Bank of America Corp. Chief Executive Officer Brian Moynihan said the bank will put more capital into its sales and trading teams, after it took advantage of wild swings in the stock market during the pandemic.
“On the sales and trading side, our team’s done a fantastic job,” Moynihan said Thursday at an Alliance Bernstein conference. “We’re putting more capital into that team frankly because they’ve been consistently able to perform, and we saw them perform in a wild set of circumstances.”
Traders and investment bankers at the biggest Wall Street lenders saw their capital-markets businesses soar last year and into 2021 amid stock-market volatility sparked by the Covid-19 outbreak. Bank of America reported a 17% surge in revenue from sales and trading in the first quarter.
The infusion of more capital will allow that business to run a larger balance sheet, Moynihan said.
“We like that business, it’s going to ebb and flow based on opportunity; it has some seasonality to it,” he said. “For us, it’s been a relatively consistent amount of revenue,” Moynihan said, adding that on the investment-banking side, deals are also still strong.
Bank CEOs were called before Congress last week for two days of hearings in which lawmakers grilled them on issues from climate to consumer fees and lending to controversial — though legal — industries. A lack of questioning on banks’ financial health could mean the path is clear for more flexible capital-return policies, Wells Fargo & Co. analyst Mike Mayo wrote in a note, potentially allowing lenders to double capital returns to shareholders. Mayo said Bank of America and Citigroup Inc. could benefit the most.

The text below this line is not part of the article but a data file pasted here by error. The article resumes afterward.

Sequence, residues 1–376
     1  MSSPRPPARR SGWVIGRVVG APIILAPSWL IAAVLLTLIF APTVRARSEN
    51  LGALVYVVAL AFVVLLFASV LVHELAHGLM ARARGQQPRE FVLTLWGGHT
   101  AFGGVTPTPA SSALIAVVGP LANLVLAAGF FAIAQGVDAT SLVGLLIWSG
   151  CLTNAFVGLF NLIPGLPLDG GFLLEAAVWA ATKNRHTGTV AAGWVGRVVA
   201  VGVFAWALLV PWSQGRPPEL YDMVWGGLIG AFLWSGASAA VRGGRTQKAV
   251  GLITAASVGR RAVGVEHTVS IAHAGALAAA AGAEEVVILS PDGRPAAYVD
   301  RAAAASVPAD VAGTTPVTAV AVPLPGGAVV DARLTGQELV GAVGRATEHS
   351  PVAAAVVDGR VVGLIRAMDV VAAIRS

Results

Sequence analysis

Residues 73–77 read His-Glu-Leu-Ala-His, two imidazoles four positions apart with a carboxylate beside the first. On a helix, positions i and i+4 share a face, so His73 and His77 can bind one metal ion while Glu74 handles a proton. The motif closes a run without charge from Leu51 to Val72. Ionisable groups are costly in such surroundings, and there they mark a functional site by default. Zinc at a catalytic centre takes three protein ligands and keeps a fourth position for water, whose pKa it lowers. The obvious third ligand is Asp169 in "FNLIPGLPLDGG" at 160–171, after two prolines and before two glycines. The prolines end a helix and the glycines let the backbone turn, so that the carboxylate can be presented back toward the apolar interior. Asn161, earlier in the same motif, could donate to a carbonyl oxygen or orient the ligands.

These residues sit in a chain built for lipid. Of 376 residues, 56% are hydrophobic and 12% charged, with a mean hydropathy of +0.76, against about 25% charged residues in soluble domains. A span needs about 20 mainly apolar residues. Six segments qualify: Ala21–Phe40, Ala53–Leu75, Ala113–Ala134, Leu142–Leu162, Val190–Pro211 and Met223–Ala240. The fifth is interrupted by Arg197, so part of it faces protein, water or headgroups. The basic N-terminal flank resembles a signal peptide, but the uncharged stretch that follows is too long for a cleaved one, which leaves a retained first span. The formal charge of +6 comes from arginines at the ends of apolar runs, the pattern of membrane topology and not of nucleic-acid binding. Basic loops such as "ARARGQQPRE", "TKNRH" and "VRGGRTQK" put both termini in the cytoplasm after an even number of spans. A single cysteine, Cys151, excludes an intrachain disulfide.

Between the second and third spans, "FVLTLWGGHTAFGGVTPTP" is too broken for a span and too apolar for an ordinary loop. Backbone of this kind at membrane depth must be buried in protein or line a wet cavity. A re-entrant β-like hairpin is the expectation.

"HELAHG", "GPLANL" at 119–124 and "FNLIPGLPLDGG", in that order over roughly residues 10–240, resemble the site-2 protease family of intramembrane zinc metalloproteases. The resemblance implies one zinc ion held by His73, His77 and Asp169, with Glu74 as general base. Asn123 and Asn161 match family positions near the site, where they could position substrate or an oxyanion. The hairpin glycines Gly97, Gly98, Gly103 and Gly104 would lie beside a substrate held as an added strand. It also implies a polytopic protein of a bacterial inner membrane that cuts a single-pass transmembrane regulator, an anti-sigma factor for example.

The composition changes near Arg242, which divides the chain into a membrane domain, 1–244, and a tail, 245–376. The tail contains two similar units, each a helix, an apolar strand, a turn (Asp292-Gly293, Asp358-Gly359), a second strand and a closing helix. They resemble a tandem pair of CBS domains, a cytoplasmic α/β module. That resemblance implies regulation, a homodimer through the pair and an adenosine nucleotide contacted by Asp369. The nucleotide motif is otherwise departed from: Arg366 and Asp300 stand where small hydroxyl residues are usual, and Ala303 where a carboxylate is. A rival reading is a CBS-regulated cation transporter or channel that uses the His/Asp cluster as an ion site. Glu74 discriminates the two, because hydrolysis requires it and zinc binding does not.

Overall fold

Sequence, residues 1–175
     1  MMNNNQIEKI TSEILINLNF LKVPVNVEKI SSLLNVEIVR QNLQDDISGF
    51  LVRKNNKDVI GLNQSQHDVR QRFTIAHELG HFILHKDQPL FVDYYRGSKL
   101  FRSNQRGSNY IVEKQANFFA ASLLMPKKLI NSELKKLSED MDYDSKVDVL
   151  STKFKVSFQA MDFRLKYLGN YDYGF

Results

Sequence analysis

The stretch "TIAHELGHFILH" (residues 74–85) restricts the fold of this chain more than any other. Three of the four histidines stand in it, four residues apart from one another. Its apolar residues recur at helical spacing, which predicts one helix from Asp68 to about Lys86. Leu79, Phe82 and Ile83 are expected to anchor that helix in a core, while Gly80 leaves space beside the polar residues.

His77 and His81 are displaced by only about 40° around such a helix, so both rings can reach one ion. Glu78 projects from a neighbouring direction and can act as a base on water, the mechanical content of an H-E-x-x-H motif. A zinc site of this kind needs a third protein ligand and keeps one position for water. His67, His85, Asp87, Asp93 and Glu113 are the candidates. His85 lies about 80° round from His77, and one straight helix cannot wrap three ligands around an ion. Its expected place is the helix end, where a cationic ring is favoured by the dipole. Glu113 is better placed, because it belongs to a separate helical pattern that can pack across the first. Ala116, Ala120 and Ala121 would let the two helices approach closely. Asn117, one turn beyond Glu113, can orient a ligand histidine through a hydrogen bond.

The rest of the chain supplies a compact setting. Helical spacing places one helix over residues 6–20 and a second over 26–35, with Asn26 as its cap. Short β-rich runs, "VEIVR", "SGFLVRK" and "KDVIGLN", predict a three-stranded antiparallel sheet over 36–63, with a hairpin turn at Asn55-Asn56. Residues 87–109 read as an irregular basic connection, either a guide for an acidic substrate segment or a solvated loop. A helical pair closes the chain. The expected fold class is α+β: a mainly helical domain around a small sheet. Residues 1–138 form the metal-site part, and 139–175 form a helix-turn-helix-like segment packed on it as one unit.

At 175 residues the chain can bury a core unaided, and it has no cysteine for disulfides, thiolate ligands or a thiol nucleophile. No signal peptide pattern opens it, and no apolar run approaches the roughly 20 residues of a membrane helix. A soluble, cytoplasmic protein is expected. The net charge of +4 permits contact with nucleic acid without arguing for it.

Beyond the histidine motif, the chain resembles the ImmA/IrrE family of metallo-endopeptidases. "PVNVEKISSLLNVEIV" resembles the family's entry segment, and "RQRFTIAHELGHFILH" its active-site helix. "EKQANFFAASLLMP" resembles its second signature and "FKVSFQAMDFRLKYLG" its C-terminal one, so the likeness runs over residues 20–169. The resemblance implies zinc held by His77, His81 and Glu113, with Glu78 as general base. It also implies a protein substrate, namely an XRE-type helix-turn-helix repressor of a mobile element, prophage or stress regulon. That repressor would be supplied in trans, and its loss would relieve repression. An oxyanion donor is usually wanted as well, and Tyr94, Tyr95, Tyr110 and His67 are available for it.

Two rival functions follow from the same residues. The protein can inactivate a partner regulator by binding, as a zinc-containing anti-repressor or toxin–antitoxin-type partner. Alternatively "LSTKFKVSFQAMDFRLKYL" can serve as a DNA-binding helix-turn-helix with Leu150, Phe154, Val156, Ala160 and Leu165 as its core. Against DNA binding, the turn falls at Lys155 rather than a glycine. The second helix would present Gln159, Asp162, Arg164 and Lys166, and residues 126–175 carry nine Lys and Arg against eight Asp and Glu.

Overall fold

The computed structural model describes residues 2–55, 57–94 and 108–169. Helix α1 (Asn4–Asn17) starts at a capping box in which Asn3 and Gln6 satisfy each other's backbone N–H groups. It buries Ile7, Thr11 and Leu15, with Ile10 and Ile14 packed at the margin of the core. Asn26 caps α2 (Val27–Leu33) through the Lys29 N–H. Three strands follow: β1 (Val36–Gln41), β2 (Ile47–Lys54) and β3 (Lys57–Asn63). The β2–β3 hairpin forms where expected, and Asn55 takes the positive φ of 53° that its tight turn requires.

Bank of America’s fixed-income traders delivered a 22% jump in revenue in the first quarter, while its stock desks posted a 10% rise. Still, the overall increase didn’t reach the blowout numbers posted by rivals JPMorgan Chase & Co. and Goldman Sachs Group Inc.
(Updates with Wells Fargo analyst commentary in sixth paragraph.)